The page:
The last month has been busy—too busy. I really don’t like to use that word because I think it’s a cop-out. We have choices; we make them; we have to live with them. I made choices that left me busier than I like to be. And when I become too busy, I hurry. And when I hurry, I cannot love the people around me. It’s not a new problem; it’s one I struggle with regularly. But what has changed is my desire. I not only know I need to change, I really want to change. This pace and kind of life simply isn’t working for me anymore. It’s not life giving; it’s draining, and it hurts me and, more significant, the people I love. But I know I can’t change myself. I’ve tried that too many times before, and I have come to terms with the truth that I don’t have that kind of power. But I still hold on to the hope that I can change. So what do I do?
Well, it turns out I was scheduled to go to a three-day retreat last weekend. It’s been on my calendar for 18 months. The Great Banquet is a ministry I have participated in for more than a dozen years, but I had not been on a weekend for 18 months. I really love these weekends because they are so transformative for those who participate—including me. But I have to be honest: this time I was simply looking forward to the retreat being over. This weekend was the last of a number of big commitments that have kept me driving forward for the last six weeks. I was looking forward to having all of these things behind me so I could figure out what my next step would be to figure out how to change my life.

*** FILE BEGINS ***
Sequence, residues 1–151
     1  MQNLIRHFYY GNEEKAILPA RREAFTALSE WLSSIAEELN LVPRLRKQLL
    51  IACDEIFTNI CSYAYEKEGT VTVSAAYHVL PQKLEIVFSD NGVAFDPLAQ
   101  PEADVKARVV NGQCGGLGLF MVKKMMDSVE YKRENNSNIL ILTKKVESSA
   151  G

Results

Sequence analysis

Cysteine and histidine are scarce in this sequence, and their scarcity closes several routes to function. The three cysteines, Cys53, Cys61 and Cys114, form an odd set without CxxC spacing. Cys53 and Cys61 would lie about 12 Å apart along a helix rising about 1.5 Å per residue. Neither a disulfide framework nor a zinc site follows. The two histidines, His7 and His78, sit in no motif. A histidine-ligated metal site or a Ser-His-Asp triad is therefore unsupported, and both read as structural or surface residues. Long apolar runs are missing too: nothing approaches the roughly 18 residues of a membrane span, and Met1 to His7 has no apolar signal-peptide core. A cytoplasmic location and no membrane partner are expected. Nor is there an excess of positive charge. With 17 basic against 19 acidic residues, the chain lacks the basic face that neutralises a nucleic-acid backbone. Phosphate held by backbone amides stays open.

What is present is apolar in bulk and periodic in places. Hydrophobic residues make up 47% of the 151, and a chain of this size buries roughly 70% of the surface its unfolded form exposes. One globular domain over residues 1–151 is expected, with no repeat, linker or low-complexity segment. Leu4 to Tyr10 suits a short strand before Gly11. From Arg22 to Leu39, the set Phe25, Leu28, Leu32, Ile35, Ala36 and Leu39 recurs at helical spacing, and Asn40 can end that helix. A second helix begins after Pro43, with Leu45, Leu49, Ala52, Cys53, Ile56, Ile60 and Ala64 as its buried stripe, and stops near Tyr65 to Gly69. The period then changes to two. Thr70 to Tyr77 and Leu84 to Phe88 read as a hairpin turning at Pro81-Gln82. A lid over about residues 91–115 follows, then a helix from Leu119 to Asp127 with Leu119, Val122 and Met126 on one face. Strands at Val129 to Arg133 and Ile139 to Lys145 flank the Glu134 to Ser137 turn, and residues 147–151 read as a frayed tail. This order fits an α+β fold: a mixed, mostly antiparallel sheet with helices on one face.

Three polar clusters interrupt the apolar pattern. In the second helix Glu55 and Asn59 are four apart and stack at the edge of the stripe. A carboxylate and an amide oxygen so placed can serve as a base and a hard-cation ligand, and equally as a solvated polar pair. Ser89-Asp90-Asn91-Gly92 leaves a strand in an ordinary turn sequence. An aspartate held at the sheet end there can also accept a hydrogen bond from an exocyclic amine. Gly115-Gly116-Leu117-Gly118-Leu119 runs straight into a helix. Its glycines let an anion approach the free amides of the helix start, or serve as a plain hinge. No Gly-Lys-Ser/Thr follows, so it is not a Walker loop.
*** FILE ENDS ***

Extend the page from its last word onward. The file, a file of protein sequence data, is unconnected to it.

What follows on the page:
I thought I was being faithful to my commitment and getting it behind me, but the truth was that God was being faithful to me as he put himself before me. Through many and varied wonderful teachings, personal conversations, and experiences, God met me in just the way I needed. I left the weekend with a deep sense of love, joy, and peace.
And what was even more amazing to me is that in our church, the sermon text was on Jacob’s wrestling with God. This text is wrapped in mystery, but what is clear is that Jacob feels fear and anxiety because he does not know what is ahead when he meets his brother Esau. These feelings drive him to God. He knows that he needs God, and that place of vulnerability and openness to God is a place where God can and does meet us.
But Jacob didn’t just have an encounter with God. He was left wounded in his hip socket. Like Jacob, we all have a limp. I was reminded over the weekend that my compulsive busyness comes from a desire to change things in ways that are really beyond my control and power. Sometimes our compulsive busyness comes out of that broken place. That’s not just true for me but for all of us. But when our brokenness and woundedness comes to light, we have the ability to see God and ourselves and our lives more clearly. That was true for Jacob. That was true for me this weekend.
I left the weekend with a more realistic expectation about my life. My life is still going to be full—but not busy. The warp and woof of daily life is not going to be like a retreat. There are things to do, people to see, and places to go. That is life. But the value of getting away from the ongoing demands of life to wrestle with God is what enables us to encounter God in new and fresh ways. To listen to his voice and to receive new insight that we just haven’t been able to see in the midst of our everyday, ordinary lives. It’s not that God isn’t always with us or communicating to us. It’s awareness that is missing, and when we intentionally get away to seek God, especially in times of need, there is something God always wants to say.
An encounter with the living God is not just for people in the Bible or for those we consider “spiritual.” As the people of God, we are called to wrestle with God. In the weeks ahead I’m examining my schedule to ascertain what it says about me and my life. I know I’m wrestling over and striving after many things, but I want to live my life striving after God. May it be so.